Before John Adams ever became president he wrote, “There is nothing which I dread so much as a division of the republic into two great parties, each arranged under its leader, and concerting measures in opposition to each other. This, in my humble apprehension, is to be dreaded as the greatest political evil under our Constitution.”
Despite his raised alarm, here we stand in the 21st Century, the republic firmly entrenched into two great parties, the Rs and the Ds, in opposition to each other and, some may argue, creating “the greatest political evil.”
Every two years we get to choose local governmental leaders and decide local issues on a nonpartisan basis, without parties, without candidate labels of R and D, without the antipathy, abusive name-calling and character assassination that has become ubiquitous across the U.S. political spectrum. Here, we vote for mayors, city and town council members, school board members and others based on who they are, what they believe, and their prospects of moving our community forward, maintaining, and ideally advancing, our quality of life.
Although it is, arguably, a blessing to have political parties sit out these elections, it creates a burden on the citizen voter: How to evaluate candidates without the “R” and “D” labels?
It is why, three years ago, some local citizens created the Responsible Cities Political Action Committee whose goal is to educate voters about the candidates and encourage voting in these vital local elections.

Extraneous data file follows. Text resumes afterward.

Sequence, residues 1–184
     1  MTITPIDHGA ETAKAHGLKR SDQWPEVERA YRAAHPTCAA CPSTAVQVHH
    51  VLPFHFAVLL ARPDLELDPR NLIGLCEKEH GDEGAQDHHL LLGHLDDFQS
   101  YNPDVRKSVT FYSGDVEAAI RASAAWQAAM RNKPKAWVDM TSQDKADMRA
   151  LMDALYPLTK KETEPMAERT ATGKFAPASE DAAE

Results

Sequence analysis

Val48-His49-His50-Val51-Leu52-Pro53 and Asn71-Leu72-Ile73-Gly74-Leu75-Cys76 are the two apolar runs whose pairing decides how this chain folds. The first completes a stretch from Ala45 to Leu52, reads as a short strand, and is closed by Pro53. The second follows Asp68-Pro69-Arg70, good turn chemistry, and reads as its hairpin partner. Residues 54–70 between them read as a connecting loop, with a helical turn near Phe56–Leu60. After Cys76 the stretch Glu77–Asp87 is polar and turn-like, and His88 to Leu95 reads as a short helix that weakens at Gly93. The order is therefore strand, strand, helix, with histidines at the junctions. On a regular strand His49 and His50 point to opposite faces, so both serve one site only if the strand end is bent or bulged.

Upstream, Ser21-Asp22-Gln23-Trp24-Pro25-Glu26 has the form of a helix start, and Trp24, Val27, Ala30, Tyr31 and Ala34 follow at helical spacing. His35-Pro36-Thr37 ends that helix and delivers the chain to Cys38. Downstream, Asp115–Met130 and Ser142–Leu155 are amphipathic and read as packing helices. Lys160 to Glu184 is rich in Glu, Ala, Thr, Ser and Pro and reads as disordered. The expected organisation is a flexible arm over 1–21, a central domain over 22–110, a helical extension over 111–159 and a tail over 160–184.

Rather than moving left or right politically, the priority of Responsible Cities PAC is moving forward—responsibly. We support candidates who will unite people, work well with the rich diversity and neighborhoods of Bloomington-Normal, advocate for economic growth, and lead social change.
Those of us in Responsible Cities recognize, regrettably, that voter turnout in these important elections is typically embarrassingly weak even as we select the leaders for the government that is closest to us and has the greatest impact on our daily lives and our pocketbooks.
By design, Responsible Cities avoids involvement in any election where candidates are required to declare a party affiliation. The Responsible Cities PAC engages only in nonpartisan local elections.
This year, we invited all candidates running for Bloomington City Council, Normal Town Council, the Unit Five, District 87 and Heartland Community College school boards, and the Normal Library Board to complete a survey and sit for interviews with volunteer committees. The volunteers were Ds, Rs, Independents and politically unaligned individuals whose interest was simply in meeting the candidates, questioning them and, ultimately, recommending the best for election.
Find our endorsements on our website www.ResponsibleCities.com. You can also learn more about our group, including a mission statement that emphasizes the non-partisan nature of our efforts: the goal of electing community leaders who possess a sense of shared responsibility for bettering the community we all know and love.
Sad to say, the McLean County Republican Party has inserted itself into what is supposed to be a nonpartisan election with its partisan recommendation of candidates and, in response, the Democratic governor in Illinois is putting hundreds of thousands of dollars into nonpartisan election races across the state. While all citizens have the right to engage in this public discourse, it is regrettable that politicians and political parties are trying to put their thumbs on the scale of our few remaining truly nonpartisan elections.
I’ll leave to historians and political scientists the determination of whether John Adams was right when he warned 230 years ago that political parties were the “greatest political evil.”
We at Responsible Cities believe the “non” in non-partisan is meaningful and, in the years ahead, hope the Rs and Ds will go back to their more familiar haunts, the primaries and November elections, and leave us to choose our local leaders as this country’s founders envisioned. Please vote.